Thursday, March 31, 2022

How to Create B-roll Media Galleries to Share With Students

In last Sunday's Practical Ed Tech newsletter I wrote about the idea of creating a b-roll media gallery to share with your students. The idea of creating a b-roll media gallery is to compile a collection of image, video, and audio files that your students can use in their multimedia projects. By doing this your students will have a place that they can find media that you've already screened for content and for copyright compliance. 

In this short video I demonstrate two ways to create a b-roll media gallery to share with your students. The first method utilizes Google Drive. The second method utilizes OneDrive. 

Applications for Education
If you're an elementary school teacher, creating a b-roll media gallery is a good way to make sure that your students are able to quickly find appropriate images to use in their projects. At the middle school and high school levels, having a b-roll media gallery can be a good back-up option to have when students say that they "can't find anything" that's appropriate for their project.

Wednesday, March 30, 2022

Seven Sites and Apps to Help Students Learn Coding and Programming

The other day I was in a Zoom meeting with someone who is relatively new to field of educational technology. I was asked about any "must read" books or sites. The first thing that came to mind was Seymour Papert's Mindstorms. Mentioning Mindstorms then took me down the path of talking about Logo and its importance in the development of using personal computers in the classroom. 

Logo was my introduction to programming back in my elementary school days 30+ years ago. You can still find and use Logo and its many iterations today. There are also many other good sites and apps that can introduce your students to various types of programming and coding. Here's a short list of some of my favorite options today. 

MIT App Inventor
The MIT App Inventor is a free app development tool that I've used with students and teachers for over a decade now. It's a great tool to use to introduce students to some programming concepts while letting develop apps that they can actually use on their phones. While it might seem complicated at first glance, after they have mastered a few basic concepts students can create some amazing applications through the MIT App Inventor. Here's my video overview of how to create your first app with the MIT App Inventor. 

Blackbird is a platform that launched in early 2021 to help teachers teach programming to middle school and high school students. Blackbird positions itself as a platform that fills the gap between using a blocks-based service like Scratch and writing code in an IDE. Blackbird doesn't use blocks or even offer any blocks. Instead, Blackbird provides a series of interactive lessons in which students write JavaScript. Blackbird lessons are arranged in progressive units. From the first lesson students are building a game they can customize to their heart's content. When they've finished all of the lessons students can move onto a "workshop" where they can work on independent projects that you can observe from your teacher dashboard in Blackbird. You can see a full overview of Blackbird and read my students' impressions of it right here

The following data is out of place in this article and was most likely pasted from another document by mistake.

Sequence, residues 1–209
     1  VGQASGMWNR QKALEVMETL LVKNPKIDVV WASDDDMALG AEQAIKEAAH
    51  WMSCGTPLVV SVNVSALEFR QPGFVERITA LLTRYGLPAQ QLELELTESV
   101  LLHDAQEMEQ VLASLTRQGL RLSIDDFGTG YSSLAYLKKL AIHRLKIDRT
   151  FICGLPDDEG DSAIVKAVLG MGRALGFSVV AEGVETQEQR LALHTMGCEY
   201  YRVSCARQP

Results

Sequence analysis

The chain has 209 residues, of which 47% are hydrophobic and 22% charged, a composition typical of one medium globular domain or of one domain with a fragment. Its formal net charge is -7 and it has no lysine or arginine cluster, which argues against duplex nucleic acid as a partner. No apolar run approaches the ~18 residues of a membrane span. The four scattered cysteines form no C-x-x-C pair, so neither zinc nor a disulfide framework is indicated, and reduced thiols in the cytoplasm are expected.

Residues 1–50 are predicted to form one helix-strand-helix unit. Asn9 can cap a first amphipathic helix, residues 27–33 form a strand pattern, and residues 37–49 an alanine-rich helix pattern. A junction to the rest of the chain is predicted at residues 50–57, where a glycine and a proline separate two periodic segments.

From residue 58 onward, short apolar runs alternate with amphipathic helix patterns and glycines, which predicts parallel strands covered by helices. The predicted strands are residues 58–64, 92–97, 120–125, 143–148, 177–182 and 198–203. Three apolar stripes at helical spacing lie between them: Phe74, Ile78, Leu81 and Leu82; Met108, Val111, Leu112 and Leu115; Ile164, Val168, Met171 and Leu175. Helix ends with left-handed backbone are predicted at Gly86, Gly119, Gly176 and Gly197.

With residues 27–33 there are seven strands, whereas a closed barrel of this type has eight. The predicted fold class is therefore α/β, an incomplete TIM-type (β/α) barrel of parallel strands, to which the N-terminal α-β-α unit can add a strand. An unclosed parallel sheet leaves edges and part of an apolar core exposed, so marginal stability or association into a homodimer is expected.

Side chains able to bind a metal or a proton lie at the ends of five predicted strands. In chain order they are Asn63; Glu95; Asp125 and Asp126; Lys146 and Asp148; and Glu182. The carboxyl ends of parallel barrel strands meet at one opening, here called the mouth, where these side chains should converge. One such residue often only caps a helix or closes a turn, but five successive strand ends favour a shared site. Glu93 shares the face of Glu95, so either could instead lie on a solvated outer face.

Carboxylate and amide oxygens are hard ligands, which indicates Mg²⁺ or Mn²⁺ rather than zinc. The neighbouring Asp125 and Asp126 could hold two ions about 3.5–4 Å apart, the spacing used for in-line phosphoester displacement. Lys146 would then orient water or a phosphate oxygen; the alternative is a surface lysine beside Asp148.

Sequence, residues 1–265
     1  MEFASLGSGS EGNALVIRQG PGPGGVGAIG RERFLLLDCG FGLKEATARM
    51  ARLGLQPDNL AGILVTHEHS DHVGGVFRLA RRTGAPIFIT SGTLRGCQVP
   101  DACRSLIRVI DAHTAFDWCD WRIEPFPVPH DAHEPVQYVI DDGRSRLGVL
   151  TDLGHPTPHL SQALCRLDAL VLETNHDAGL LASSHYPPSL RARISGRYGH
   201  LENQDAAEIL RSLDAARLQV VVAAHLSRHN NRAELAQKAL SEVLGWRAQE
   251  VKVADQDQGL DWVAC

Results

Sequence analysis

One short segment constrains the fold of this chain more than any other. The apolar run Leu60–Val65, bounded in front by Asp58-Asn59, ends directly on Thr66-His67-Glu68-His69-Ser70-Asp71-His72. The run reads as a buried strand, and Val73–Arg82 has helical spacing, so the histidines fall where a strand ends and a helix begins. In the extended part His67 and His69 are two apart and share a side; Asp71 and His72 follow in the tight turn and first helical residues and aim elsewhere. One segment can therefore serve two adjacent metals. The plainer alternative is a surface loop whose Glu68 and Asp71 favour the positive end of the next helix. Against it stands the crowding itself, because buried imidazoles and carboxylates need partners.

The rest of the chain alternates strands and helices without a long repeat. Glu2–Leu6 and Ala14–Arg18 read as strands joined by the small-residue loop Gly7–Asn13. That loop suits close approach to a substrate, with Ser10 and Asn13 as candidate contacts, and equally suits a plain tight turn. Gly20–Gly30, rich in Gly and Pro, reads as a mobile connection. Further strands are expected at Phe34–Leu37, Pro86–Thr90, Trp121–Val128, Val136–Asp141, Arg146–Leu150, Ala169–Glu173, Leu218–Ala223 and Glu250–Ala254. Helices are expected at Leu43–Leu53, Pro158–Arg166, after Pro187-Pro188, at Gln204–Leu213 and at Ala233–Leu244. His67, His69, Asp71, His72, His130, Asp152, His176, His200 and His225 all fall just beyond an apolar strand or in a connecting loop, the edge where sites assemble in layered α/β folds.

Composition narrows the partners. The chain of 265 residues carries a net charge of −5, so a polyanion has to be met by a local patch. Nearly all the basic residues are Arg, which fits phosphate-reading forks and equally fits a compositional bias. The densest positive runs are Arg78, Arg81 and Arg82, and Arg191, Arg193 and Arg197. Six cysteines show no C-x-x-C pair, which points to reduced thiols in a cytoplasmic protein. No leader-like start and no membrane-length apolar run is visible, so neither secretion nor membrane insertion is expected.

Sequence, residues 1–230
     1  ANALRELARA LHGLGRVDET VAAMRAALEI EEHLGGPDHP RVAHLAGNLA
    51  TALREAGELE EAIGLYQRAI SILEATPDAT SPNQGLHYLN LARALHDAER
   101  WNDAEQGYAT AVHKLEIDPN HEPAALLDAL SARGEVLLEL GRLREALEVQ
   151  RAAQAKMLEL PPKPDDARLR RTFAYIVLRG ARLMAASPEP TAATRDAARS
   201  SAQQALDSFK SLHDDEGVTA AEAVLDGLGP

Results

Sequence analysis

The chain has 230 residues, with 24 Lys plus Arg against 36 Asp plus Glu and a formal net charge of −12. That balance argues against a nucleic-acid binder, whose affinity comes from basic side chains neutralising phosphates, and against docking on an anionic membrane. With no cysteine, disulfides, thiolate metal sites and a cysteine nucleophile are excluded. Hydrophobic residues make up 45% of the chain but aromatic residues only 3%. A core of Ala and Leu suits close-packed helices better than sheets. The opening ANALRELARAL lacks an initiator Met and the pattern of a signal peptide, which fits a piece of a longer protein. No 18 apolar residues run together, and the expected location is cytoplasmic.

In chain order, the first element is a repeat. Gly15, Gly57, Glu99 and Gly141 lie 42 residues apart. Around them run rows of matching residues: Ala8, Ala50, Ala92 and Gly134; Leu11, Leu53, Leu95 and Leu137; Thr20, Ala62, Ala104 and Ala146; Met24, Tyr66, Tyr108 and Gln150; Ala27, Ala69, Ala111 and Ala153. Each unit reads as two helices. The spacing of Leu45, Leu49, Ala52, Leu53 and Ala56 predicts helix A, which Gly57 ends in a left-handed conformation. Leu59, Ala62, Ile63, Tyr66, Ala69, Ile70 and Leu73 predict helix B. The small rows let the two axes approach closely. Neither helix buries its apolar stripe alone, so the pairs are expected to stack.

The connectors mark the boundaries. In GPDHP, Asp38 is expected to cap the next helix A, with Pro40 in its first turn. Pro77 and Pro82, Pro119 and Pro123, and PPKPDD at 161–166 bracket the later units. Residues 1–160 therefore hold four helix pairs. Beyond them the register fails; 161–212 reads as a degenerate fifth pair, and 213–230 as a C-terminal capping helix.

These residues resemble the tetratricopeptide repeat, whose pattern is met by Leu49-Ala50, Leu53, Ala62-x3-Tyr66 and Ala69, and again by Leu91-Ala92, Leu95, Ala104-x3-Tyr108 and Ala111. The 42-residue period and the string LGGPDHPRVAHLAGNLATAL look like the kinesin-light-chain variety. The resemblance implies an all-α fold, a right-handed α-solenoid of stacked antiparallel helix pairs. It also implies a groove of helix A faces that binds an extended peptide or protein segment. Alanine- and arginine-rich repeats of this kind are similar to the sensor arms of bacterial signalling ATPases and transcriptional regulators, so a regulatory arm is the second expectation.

Daisy the Dinosaur
Daisy the Dinosaur is a free iPad app designed to introduce young students to some programming basics. The app asks students to create commands for Daisy the Dinosaur to carry out. There is a free play mode in which students can make Daisy do whatever they want. But to get started you might want to have students work through the beginner challenges mode. Daisy the Dinosaur asks students to enter commands in the correct sequence in order to make Daisy complete tasks correctly. Daisy the Dinosaur could be used with students as young as Kindergarten age.

Scratch & Scratch Jr.
Scratch like the MIT App Inventor has been around for over a decade and is still the first thing that many people mention when talking about introducing students to programming concepts. Scratch allows students to program animations, games, and videos through a visual interface. Students create their programs by dragging together blocks that represent movements and functions on their screens. The blocks snap together to help students see how the "if, then" logic of programming works. Watch the video here to learn more about Scratch. And check out the ScratchEd team’s curriculum for teaching with Scratch (link opens a PDF). 

Scratch Jr. is based on the aforementioned online Scratch program. Scratch Jr for iPad and for Android  uses the same drag and drop programming principles used in Scratch. On Scratch Jr students can program multimedia stories and games. To program a story or game on Scratch Jr. students select background settings for each frame of the story. Then in each frame students select the actions that they want their characters to take. Students snap programming pieces together to make characters move and talk in their stories and games.

Snap! is a drag-and-drop programming interface designed to help students learn to program. Snap! uses a visual interface that works in your browser on your laptop as well as on your iPad. To design a program in Snap! drag commands into a sequence in the scripts panel. The commands are represented by labeled jigsaw puzzle pieces that snap together to create a program. You can try to run your program at any time to see how it will be executed. After previewing your program you can go back and add or delete pieces as you see fit.